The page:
‘Folklore’ – A New Sound and a New Side of Taylor Swift

Hannah Dotzler , Copy Editor

After ditching country music and becoming a pop starI was sure Taylor Swift had finally found her place in the music world. But, at the end of July, Swift released her album Folklore, with a sound and theme unlike anything she had done before.  

Swift’s unexpected album release came as a surprise to many, including myself. With no prior warnings, promotions, or posts, Swift announced on her social media accounts on July 23 that she would be releasing a new album that very night.  

So, why was there no warning? Well, aside from Swift just wanting to surprise her fans, there really was not much time for her to promote the album, as she released it shortly after she finished making it. Swift wrote and recorded the entire album while in isolation during the current pandemic. In her Instagram post announcing the album, Swift said: 

“Before this year, I probably would’ve overthought when to release this music at the ‘perfect’ time. But the times we’re living in keep reminding me that nothing is guaranteed. My gut is telling me that if you make something you love, you should just put it out into the world.” 

I’m a life-long Taylor Swift fan, so of course, I was ecstatic when I heard the news of this album. I had high hopes and expectations, as I always do when she comes out with new music. And, as always, Swift did not disappoint.  

When I first listened to Folklore all the way through, though, I had mixed reactions. First, I felt confused. I was expecting a pop album like her previous three – 1989, Reputation, and Lover. Although those albums do have different tones and sound to them, they also have several underlying similarities. However, I was surprised and confused when Folklore just did not quite seem to fit in with them. It didn’t give me the same “pop” vibe her other albums had. Even the lyrics seemed to be written a little differently 

In fact, there was a reason Folklore didn’t sound like Swift’s other pop albums – because it was not even a part of the pop genre! iTunes categorized the album as ‘alternative,’ while other sources, including The New York Times, considered it an ‘indie’ album. would have never imagined Swift releasing an album in either of those genres. But she did it, and she did it well.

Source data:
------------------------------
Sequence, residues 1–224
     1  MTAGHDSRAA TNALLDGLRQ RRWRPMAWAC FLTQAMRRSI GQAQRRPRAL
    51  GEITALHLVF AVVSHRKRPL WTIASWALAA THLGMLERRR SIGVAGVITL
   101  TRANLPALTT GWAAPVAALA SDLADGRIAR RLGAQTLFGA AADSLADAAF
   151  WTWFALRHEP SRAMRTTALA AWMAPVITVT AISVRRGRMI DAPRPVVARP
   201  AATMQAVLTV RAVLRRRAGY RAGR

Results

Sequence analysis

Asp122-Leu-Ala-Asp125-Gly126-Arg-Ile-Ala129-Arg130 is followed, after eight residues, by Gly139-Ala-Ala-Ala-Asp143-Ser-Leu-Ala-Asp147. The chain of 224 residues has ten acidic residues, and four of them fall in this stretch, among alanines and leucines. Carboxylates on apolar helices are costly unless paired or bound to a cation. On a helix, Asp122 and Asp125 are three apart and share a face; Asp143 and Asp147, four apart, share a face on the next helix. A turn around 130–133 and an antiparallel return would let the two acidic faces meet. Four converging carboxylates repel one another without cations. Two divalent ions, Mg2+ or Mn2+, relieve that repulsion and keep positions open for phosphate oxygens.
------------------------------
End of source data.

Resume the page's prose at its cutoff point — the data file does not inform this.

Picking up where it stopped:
After listening to Folklore several times and accepting the fact that it was not another pop album, I decided I really like and appreciate it. My favorite thing about the album is the lyrics and the stories they tell.  

Oxford Dictionary defines the word ‘folklore’ as “the traditional beliefs, customs, and stories of a community passed through the generations by word of mouth.” I think this title fits the album perfectly because it really is filled with stories. For example, the song Seven reminisces on a memory from Swiftchildhood, while the song Epiphany shares experiences of healthcare workers during the current pandemic and compares them to the experiences of her veteran grandfather.  

Another thing Swift included on Folklore that was not as common on her past albums is singing in the point-of-view of another person. For example, her song “Betty” is about a love triangle, and Swift sings as if she is the male in the story.  

One of my favorite songs from Folklore is called “Mad Woman.” It includes two elements that I noticed Swift used a lot on this new album, but rarely on her past albums: piano playing in the background and the use of swear words. I think “Mad Woman” has a sort of dark theme, which is seen a little throughout the entire album.  

Both the release of Folklore and the sound of the album itself were a huge and amazing surprise. Swift gave us new music in this time of uncertainty, and at the same time, changed up her whole style. Alternative, indie, or whatever you want to call it, Folklore brought us a new sound and a new side of Taylor Swift, and one that is hopefully here to stay.